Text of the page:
Prosecutors alleged that he conspired with former army intelligence analyst Chelsea Manning to obtain the records and published them without regard to American national security, including by releasing the names of human sources who provided information to U.S. forces in Iraq and Afghanistan were among the details exposed, prosecutors have said.

But his activities drew an outpouring of support from press freedom advocates, who heralded his role in bringing to light military conduct that might otherwise have been concealed from view. Among the files published by WikiLeaks was a video of a 2007 Apache helicopter attack by American forces in Baghdad that killed 11 people, including two Reuters journalists.

The indictment was unsealed in 2019, but Assange's legal woes long predated the criminal case and continued well past it.

Weeks after the release of the largest document cache in 2010, a Swedish prosecutor issued an arrest warrant for Assange based on one woman's allegation of rape and another's allegation of molestation. Assange has long maintained his innocence, and the investigation was later dropped.

He presented himself in 2012 to the Ecuadorian Embassy in London, where he claimed asylum on the grounds of political persecution, and spent the following seven years in self-exile there, hosting a parade of celebrity visitors and making periodic appearances from the building's balcony to address supporters.

Screen grab taken from the X account of WikiLeaks of Julian Assange on board a flight to Bangkok, Thailand, following his release from prison, June 25, 2024. (@WikiLeaks, via AP)

In 2019, his hosts revoked his asylum, allowing British police to arrest him. He remained locked up for the last five years while the Justice Department sought to extradite him, in a process that encountered skepticism from British judges who worried about how Assange would be treated by the American criminal justice system.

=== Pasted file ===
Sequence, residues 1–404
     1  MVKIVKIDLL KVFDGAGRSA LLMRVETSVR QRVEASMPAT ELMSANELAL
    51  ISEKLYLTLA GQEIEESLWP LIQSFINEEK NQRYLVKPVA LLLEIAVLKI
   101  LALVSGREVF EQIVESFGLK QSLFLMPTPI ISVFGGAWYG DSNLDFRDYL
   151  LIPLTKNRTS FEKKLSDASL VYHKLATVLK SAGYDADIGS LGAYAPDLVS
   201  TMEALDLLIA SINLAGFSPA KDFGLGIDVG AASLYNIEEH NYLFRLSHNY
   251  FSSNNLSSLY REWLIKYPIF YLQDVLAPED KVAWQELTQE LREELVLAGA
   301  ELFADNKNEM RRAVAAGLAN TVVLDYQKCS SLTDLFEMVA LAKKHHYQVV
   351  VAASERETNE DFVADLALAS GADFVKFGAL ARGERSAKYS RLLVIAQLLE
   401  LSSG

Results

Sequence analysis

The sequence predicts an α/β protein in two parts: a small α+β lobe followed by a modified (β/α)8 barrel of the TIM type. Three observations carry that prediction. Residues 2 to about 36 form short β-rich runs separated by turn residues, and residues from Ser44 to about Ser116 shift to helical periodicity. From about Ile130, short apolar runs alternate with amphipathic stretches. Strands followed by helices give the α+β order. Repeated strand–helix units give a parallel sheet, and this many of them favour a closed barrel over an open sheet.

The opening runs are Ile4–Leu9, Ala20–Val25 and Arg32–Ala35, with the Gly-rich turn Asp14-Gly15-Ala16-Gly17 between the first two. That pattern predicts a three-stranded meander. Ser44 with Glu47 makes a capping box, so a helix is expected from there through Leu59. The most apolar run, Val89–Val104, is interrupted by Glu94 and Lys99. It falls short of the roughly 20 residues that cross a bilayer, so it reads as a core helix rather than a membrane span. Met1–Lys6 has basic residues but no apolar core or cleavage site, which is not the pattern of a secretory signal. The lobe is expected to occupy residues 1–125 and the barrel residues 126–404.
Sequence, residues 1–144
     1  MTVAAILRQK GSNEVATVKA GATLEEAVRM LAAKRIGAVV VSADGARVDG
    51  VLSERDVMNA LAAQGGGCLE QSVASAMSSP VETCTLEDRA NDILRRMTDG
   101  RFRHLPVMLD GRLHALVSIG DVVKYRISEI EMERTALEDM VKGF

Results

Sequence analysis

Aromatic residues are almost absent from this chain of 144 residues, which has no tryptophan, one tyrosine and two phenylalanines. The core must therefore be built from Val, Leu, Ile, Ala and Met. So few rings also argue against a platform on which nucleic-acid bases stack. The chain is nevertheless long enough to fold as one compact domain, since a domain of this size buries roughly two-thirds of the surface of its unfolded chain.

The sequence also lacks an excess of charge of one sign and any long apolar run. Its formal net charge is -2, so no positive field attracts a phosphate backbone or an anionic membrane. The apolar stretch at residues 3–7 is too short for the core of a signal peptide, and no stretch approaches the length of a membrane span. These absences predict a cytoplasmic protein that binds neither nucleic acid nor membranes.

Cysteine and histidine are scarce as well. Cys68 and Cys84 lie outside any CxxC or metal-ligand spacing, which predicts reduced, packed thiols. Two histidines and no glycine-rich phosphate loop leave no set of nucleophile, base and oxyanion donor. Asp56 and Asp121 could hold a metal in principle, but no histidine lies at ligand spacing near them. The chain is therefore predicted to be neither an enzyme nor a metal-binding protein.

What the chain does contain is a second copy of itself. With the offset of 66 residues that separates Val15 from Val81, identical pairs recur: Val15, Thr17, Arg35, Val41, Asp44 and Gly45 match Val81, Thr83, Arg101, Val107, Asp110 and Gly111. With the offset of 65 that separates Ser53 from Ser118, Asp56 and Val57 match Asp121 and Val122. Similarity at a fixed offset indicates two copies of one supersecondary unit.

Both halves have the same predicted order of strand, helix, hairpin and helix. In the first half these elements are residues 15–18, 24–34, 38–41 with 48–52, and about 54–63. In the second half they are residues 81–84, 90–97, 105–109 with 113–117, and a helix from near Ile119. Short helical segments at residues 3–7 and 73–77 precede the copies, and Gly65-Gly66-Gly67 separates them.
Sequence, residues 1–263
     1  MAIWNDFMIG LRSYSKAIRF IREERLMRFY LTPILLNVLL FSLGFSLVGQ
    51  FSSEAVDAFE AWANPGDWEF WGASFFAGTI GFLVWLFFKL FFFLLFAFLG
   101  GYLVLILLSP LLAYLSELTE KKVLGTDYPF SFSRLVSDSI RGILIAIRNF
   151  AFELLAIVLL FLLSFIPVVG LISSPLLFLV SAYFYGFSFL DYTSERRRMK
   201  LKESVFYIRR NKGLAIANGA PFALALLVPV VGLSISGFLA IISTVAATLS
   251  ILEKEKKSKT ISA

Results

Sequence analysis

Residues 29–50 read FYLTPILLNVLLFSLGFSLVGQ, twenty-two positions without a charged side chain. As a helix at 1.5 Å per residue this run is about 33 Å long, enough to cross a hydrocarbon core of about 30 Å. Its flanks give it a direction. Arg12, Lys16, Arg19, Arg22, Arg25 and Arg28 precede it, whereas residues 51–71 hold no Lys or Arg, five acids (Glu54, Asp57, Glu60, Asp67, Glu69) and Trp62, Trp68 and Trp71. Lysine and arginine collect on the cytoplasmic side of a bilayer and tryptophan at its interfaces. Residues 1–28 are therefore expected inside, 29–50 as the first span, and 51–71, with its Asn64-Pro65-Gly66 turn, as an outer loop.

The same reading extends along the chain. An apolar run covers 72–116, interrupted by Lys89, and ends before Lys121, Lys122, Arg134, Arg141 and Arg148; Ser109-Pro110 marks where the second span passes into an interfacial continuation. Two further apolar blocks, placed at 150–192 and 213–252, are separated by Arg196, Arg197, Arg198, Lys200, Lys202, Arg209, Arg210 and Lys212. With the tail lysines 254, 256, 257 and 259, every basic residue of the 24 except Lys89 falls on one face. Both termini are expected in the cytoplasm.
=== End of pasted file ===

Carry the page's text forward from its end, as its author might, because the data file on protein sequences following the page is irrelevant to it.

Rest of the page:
Ultimately, though, the resolution sparing Assange prison time in the U.S. is a repudiation of sorts of years of ominous warnings by Assange and his supporters that the American criminal justice system would expose him to unduly harsh treatment, including potentially the death penalty -- something prosecutors never sought.

Last month, Assange won the right to appeal an extradition order after his lawyers argued that the U.S. government provided "blatantly inadequate" assurances that he would have the same free speech protections as an American citizen if extradited from Britain.

His wife, Stella Assange, told the BBC from Australia that it had been "touch and go" over 72 hours whether the deal would go ahead but she felt "elated" at the news. A lawyer who married the WikiLeaks founder in prison in 2022, she said details of the agreement would be made public once the judge had signed off on it.

"He will be a free man once it is signed off by a judge," she said, adding that she still didn't think it was real.

Assange on Monday left the London prison, where he has spent the last five years, after being granted bail during a secret hearing last week. He boarded a plane that landed hours later in Bangkok to refuel before taking off again toward Saipan. A video posted by WikiLeaks on X, showed Assange staring intently out the window at the blue sky as the plane headed toward the island.

"Imagine. From over 5 years in a small cell in a maximum security prison. Nearly 14 years detained in the U.K. To this," WikiLeaks wrote.

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Tucker reported from Fort Pierce, Fla., and Durkin Richer from Washington. Associated Press writers Colleen Long in Washington, Napat Kongsawad and David Rising in Bangkok, Jill Lawless and Brian Melley in London and Rod McGuirk in Melbourne, Australia, contributed to this report.